species for light in natural waters (Sayre, 2011). Moreover, removing bicarbonate pumps, which increases fitness in the cultivation environment with high CO2, could reduce the competitive ability to take up inorganic carbon in natural waters (Sayre, 2011). If algicides are used, they would be effective against non-target organisms. Terminator genes that cause released cells to die could be developed so that those genes would be suppressed in a photobioreactor but derepressed in natural environments (Sayre, 2011). If algal strains that cannot produce toxins are used, potential risk is minimized. If genetically engineered organisms are released, monitoring should be undertaken so that effects of particular organism-environment combinations can be better understood (Snow et al., 2005).

5.8.4 Sustainability Indicators

Sustainability indicators for genetically engineered algae generally would be the same as indicators for native algae. That is, if effects of concern include biodiversity or water quality, appropriate metrics are described in those chapters. However, the sustainability goals for genetically engineered algae likely would include two other issues:

•  Minimizing dissemination of genetically engineered algae.

•  Establishing methods to determine whether an observed effect was caused by a genetically engineered alga.

Abundance of genetically engineered algae released to water could be measured through species-specific tests if the species were not native. Moreover, some modified traits, such as altered antennae, might be detectable microscopically and thus quantifiable in water. Particular DNA sequences also might be detectable. Moreover, markers could be added to algae to allow easy measurement in specific media.

5.8.5 Information and Data Gaps

The ecological risks of a release of genetically engineered microorganisms have to be carefully assessed before they are used in commercial-scale algal biofuel production. Whether there are plausible scenarios under which genetically engineered algae, or organisms that acquire genes from the genetically engineered algae, could proliferate to levels that might harm humans or the environment in some way needs to be examined. More information is needed on potential relationships between traits that are targets for modification and behavior of cyanobacteria or microalgae that could alter rates of release, survival, growth, transport, genetic exchange, and ecological or human health effects. Little research to date has been conducted in the United States on behavior of genetically engineered algae in open ponds, in part because EPA notification guidelines can lead to delays for researchers. Information is needed on the social acceptability of the use of genetically engineered algae for biofuels, particularly in open systems.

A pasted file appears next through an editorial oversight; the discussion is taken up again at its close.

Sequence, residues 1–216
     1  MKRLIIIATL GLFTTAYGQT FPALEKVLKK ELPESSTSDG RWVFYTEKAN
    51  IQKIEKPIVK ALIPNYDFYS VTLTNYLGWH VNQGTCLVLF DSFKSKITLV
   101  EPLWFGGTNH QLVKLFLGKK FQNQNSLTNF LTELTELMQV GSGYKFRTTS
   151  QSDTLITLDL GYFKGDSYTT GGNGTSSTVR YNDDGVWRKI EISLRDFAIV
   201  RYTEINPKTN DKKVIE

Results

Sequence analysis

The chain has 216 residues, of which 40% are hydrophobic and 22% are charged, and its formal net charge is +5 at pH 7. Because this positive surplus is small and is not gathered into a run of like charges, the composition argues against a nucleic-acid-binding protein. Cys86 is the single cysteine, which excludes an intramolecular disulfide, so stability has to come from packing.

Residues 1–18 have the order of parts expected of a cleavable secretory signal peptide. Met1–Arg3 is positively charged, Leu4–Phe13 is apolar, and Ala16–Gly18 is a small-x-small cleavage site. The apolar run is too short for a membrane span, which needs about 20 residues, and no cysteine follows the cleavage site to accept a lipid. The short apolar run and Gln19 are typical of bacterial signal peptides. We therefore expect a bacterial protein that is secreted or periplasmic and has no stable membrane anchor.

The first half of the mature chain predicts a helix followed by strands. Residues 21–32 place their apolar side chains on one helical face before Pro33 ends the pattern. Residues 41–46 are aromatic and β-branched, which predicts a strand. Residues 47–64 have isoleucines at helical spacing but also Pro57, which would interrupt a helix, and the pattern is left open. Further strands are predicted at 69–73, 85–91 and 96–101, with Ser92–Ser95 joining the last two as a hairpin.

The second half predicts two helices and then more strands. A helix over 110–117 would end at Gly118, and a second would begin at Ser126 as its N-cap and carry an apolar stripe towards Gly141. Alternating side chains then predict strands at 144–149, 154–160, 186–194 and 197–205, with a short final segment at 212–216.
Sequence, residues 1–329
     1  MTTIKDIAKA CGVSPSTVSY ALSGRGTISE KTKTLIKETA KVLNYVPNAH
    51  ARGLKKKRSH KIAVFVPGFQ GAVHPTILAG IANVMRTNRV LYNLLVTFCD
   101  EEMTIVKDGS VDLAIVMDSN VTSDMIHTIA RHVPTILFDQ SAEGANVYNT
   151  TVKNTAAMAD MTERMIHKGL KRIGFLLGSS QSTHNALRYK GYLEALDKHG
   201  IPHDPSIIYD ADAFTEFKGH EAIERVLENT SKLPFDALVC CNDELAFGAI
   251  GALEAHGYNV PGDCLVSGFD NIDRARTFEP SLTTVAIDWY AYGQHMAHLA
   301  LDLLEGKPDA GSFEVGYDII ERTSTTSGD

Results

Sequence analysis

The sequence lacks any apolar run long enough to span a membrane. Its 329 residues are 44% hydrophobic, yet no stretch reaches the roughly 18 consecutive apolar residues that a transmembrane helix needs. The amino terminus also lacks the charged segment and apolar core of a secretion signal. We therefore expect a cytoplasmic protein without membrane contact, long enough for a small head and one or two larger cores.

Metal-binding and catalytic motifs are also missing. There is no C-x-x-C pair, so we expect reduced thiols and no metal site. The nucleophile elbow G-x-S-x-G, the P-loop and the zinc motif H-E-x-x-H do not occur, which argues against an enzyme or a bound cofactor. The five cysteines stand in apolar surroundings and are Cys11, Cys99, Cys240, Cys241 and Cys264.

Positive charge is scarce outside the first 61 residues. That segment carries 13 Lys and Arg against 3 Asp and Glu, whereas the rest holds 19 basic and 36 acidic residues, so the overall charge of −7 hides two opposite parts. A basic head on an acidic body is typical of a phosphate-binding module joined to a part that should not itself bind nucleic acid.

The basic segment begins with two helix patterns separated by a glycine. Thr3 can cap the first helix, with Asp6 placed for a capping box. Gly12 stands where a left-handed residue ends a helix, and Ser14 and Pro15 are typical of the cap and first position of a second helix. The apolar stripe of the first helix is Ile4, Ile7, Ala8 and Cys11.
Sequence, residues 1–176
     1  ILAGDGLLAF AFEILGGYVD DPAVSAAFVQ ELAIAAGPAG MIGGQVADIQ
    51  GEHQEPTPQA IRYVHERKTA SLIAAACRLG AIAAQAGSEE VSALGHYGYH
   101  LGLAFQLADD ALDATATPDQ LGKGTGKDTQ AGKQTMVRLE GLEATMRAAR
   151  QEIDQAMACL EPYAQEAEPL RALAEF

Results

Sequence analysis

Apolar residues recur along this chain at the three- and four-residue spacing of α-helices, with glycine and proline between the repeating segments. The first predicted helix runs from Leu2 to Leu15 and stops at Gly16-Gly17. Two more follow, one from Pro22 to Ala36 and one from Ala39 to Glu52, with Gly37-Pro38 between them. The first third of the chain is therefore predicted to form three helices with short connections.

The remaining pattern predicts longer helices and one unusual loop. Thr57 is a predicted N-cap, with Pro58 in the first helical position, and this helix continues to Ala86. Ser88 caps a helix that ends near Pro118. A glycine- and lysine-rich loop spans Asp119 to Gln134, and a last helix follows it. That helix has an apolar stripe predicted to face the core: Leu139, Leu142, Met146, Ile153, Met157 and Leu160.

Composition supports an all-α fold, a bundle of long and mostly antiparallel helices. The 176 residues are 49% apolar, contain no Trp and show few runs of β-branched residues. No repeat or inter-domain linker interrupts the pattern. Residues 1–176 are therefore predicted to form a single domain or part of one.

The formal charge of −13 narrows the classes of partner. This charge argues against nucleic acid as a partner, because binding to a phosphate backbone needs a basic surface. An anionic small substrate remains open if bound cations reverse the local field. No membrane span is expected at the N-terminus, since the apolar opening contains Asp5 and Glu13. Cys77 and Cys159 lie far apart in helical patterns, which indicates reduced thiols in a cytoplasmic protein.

5.9.1 Potential Environmental Effects

Sustainability of a production process is enhanced by recycling raw materials and minimizing of waste. If the oil-extracted biomass is recycled or made into coproducts, a

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